People who received a basic income in Finland had less economic anxiety and a greater trust in political institutions and other people than those who did not, according to a new survey.

The survey from Kela, a Finnish government social services agency, found that 39 percent of respondents who received basic income found their financial situation difficult or very difficult, compared to 49 percent of respondents who did not receive it. 

When asked how much they trust politicians and political parties, the average score on a scale from zero to 10 — with zero meaning no trust at all — the average response for people who received basic income was 4.5, compared to 4.0 for people who did not receive basic income.


Basic income recipients put their trust in other people at an average rating of 6.8 on the scale, whereas the average score among people who did not receive basic income was 6.3.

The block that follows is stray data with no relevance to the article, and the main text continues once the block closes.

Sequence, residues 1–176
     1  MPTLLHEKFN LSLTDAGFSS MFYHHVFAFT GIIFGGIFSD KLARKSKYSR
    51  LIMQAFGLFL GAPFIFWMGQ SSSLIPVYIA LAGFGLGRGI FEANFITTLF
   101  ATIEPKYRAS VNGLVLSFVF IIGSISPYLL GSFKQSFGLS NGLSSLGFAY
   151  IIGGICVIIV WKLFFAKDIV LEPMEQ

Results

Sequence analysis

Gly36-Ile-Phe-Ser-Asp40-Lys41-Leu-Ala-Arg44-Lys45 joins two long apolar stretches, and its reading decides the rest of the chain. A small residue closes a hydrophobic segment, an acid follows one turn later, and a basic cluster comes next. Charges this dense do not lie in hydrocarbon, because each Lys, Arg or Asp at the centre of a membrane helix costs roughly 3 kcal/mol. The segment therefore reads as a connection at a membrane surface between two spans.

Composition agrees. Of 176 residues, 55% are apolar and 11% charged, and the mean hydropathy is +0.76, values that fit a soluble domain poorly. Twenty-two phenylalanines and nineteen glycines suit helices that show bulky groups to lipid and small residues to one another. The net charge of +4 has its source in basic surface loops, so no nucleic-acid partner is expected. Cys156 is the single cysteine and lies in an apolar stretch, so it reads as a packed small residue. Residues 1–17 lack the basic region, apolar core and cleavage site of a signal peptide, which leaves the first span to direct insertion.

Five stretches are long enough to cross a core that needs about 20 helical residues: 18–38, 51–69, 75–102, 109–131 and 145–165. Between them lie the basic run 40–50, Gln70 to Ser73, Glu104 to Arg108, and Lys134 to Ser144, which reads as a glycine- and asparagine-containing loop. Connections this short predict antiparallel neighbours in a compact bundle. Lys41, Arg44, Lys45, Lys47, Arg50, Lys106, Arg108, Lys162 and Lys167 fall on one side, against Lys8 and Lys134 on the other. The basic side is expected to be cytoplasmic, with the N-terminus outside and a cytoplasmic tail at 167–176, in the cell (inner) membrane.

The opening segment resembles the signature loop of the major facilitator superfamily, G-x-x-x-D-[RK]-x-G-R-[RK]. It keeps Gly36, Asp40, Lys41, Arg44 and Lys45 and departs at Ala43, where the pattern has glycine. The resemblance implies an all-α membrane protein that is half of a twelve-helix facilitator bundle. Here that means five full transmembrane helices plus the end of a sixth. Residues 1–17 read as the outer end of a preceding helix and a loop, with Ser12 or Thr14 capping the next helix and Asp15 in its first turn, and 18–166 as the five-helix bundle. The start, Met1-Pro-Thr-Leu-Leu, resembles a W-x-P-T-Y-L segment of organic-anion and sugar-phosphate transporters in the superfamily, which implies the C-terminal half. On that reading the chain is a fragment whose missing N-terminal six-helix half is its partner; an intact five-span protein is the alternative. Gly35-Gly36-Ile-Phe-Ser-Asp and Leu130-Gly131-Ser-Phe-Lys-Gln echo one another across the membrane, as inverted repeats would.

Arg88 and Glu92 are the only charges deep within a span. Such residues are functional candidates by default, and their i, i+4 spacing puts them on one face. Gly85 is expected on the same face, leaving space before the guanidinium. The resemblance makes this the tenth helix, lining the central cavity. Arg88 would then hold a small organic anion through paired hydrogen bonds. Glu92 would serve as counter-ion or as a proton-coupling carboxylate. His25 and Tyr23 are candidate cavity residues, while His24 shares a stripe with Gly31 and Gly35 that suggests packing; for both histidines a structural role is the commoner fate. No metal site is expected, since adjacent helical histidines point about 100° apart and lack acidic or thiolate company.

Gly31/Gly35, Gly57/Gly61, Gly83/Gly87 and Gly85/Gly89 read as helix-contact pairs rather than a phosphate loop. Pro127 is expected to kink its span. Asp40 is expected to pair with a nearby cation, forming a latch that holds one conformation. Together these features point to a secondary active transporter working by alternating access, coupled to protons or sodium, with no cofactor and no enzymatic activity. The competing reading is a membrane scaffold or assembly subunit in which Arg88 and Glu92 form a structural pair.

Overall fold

The responses were the results of an experiment in which 2,000 randomly selected unemployed people were given 560 euros each month tax-free between Jan. 1, 2017, and Dec. 31, 2018. The phone interview response rate was 23 percent, with 31 percent of people who received the monthly payments responding compared to 20 percent of the control group. 

The experiment, started by Prime Minister Juha Sipilä, was done to study how the country's social security system could be improved. 

Some U.S. politicians have also proposed a basic income system, saying it will lessen economic anxiety, including entrepreneur Andrew YangAndrew YangPoll: 73 percent of Democratic voters would consider voting for Biden in the 2024 primary Kings launch voting rights effort honoring John Lewis Eric Adams to meet with Biden on curbing gun violence MORE, who is running for the 2020 Democratic nomination.